- WEB EXCLUSIVE
- PE COFFEEHAUS
Today's final rules, issued by DOT's National Highway Traffic Safety Administration (NHTSA) and EPA, establish increasingly stringent fuel economy standards under NHTSA's Corporate Average Fuel Economy program and greenhouse gas emission standards under the Clean Air Act for 2012 through 2016 model-year vehicles.
Because credits for air-conditioning improvements can be used to meet the EPA standards, but not the NHTSA standards, the EPA standards require that by the 2016 model-year, manufacturers must achieve a combined average vehicle emission level of 250 grams of carbon dioxide per mile. The EPA standard would be equivalent to 35.5 miles per gallon if all reductions came from fuel economy improvements.
Starting with 2012 model year vehicles, the rules together require automakers to improve fleet-wide fuel economy and reduce fleet-wide greenhouse gas emissions by approximately 5 percent every year. NHTSA has established fuel economy standards that strengthen each year reaching an estimated 34.1 mpg for the combined industry-wide fleet for model year 2016.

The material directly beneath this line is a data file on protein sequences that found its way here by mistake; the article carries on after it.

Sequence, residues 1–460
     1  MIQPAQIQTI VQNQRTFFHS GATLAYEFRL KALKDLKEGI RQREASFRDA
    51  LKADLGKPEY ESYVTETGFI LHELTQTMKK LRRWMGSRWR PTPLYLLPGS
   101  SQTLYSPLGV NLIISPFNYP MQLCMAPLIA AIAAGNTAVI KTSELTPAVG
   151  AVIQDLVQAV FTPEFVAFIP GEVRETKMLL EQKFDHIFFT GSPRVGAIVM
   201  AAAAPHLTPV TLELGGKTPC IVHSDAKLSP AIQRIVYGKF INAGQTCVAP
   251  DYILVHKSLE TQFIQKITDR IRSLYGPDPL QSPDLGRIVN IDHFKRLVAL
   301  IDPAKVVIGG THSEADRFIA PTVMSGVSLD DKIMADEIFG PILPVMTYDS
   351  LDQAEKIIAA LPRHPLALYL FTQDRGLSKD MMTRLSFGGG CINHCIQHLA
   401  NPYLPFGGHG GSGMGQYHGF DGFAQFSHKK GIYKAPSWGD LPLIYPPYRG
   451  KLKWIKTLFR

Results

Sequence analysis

NHTSA and the EPA expect automobile manufacturers will meet these standards by more widespread adoption of conventional technologies that are already in commercial use, such as more efficient engines, transmissions, tires, aerodynamics and materials, as well as improvements in air conditioning systems, the agencies said in a press release. Some manufacturers may choose to pursue more advanced fuel-saving technologies like hybrid vehicles, clean diesel engines, plug-in hybrid electric vehicles, and electric vehicles.
The EPA received more than 130,000 public comments on the September 2009 proposed rules.
"These historic new standards set ambitious, but achievable, fuel economy requirements for the automotive industry that will also encourage new and emerging technologies," said Transportation Secretary Ray LaHood.